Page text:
The editor of CONTACT doesn’t get a lot of fan mail or – I’m sure he’s grateful – much in the way of complaint either.
So when a disgruntled subscriber takes time out to quote the Defence Force Discipline Act at the editor of a civilian newsletter, one must assume the offence is grave…
Please note for your consideration.
The term ADF Member should not be used, only use Defence Member as per the Defence Act and Defence Discipline Act. The term ADF Member is deprecated and colloquial slang.
Term: Defence member
Definition: As defined in section 3 of the Defence Force Discipline Act (DFDA) 1982, is a person who is:
1 …a member of the Permanent Navy (PN), the Regular Army or the Permanent Air Force; or
2 …a member of the Reserves who:
(1) is rendering continuous full-time service; or
(2) is on duty or in uniform.
Term: Defence employee
Definition: A person employed in the Australian Government Department of Defence under section 22 of the Public Service Act 1999
Term: Defence personnel
Definition: All Defence APS employees, Defence employees engaged locally overseas, Defence civilians, Defence members and the equivalents from other Defence organisations on exchange to Defence.
I presume the story on ‘Transition Services’ prompted your email?
Can I also presume you will be passing on your advice to the author of the piece, who seems to be quite keen on the terminology – Minister for Veterans Affairs Dan Tehan (though, to be honest, I’m pretty sure all his colleagues are partial to the same terminology).
For that matter, a search of the Defence web site for the term “ADF members” (including quote marks) yields 4360 results where “ADF members” is used, obviously liberally and without hint of deprecation, in official Defence text and headlines and document titles.
So, can I assume you will also be sending out an urgent ‘all-staff memo’ to educate recalcitrants inside the wire too?
Or is ‘self-deprecation’ allowed in official Defence communications and on the official Defence web site, but not by anyone else?
Is that why (I assume) you only pick on civilian publications (who did little more than transcribe an official Defence press release)?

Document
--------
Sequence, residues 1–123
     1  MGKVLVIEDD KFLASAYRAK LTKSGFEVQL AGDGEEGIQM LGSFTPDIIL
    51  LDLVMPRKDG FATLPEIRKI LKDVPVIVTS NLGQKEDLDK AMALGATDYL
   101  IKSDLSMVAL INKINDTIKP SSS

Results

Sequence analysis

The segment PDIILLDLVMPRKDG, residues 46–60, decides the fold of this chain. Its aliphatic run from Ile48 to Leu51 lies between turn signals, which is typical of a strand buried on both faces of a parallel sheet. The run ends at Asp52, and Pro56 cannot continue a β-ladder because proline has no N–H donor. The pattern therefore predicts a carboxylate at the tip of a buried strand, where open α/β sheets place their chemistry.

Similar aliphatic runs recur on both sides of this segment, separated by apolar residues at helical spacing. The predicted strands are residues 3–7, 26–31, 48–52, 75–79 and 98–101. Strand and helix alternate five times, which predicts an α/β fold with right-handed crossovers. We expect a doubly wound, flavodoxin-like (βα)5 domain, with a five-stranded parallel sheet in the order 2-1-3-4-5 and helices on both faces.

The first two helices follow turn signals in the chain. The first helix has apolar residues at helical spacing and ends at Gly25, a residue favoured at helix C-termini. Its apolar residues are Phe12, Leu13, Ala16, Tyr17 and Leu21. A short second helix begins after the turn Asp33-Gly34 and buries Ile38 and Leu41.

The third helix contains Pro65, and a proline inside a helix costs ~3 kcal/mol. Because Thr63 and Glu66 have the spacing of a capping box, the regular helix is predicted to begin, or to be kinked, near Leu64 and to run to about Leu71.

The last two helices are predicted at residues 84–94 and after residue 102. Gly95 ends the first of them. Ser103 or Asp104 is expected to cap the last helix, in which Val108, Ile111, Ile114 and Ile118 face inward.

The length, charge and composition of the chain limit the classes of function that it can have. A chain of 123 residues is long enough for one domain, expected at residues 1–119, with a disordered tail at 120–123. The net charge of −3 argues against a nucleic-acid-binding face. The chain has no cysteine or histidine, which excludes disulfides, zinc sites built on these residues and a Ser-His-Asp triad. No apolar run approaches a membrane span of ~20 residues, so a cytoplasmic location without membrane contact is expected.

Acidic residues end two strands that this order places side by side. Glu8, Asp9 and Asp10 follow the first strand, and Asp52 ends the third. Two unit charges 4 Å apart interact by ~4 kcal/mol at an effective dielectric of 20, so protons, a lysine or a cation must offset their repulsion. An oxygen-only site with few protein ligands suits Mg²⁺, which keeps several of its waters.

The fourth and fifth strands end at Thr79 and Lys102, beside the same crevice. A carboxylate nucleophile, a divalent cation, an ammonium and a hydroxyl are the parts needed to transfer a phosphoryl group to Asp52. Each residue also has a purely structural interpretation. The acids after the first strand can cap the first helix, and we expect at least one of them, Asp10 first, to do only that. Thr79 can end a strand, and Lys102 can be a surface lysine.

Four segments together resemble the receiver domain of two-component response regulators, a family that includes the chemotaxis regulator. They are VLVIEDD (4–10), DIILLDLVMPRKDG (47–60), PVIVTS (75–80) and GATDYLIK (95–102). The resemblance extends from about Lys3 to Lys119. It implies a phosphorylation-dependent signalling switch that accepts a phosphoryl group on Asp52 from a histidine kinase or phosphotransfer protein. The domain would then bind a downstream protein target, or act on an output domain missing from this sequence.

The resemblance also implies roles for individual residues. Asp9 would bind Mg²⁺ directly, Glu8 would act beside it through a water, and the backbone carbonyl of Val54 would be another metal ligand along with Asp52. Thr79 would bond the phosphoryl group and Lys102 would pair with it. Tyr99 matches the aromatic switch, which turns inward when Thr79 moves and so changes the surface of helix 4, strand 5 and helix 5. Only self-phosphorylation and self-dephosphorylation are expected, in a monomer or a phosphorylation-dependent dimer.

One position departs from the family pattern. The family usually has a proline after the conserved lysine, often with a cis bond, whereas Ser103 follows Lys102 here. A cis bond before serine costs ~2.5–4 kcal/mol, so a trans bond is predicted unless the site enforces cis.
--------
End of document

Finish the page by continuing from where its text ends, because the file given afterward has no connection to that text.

Here in civvie street, plain talking, Queen’s English, logic, and established and accepted norms including ‘colloquialisms’ are often used – and required – so that the lay man can understand and navigate often ridiculous and confusing Defence jargon, acronyms, abbreviations (often capped for no good reason), overuse of capital letters etc etc (classic example, calling the Royal Australian Navy the ‘Permanent Navy’ with a capital P as if it were a proper noun! You won’t find that ludicrousness in CONTACT).
As editor of CONTACT I am, of course, a civilian.
But, you may or may not be aware that I have been, and still am, a proud ADF member for the past 27 years – and this is the first (and probably last/only) time I’ve ever heard that the term ‘ADF member’ was deprecated and so frowned upon as to cause a hard-working Defence ****** to take time out of his busy day to quote the DFDA at a civilian.
All that said, and after nano-second consideration, I won’t be following your advice in this matter – at least not until I see ADF members and their ministers lead by example.
I do hope you realise (but I will point it out here, because sarcasm and nuance is often lost in emails) I am only yanking your chain with all of the above) – but am grateful for the opportunity to unleash Sir Jeffrey Armiger in my defence 🙂
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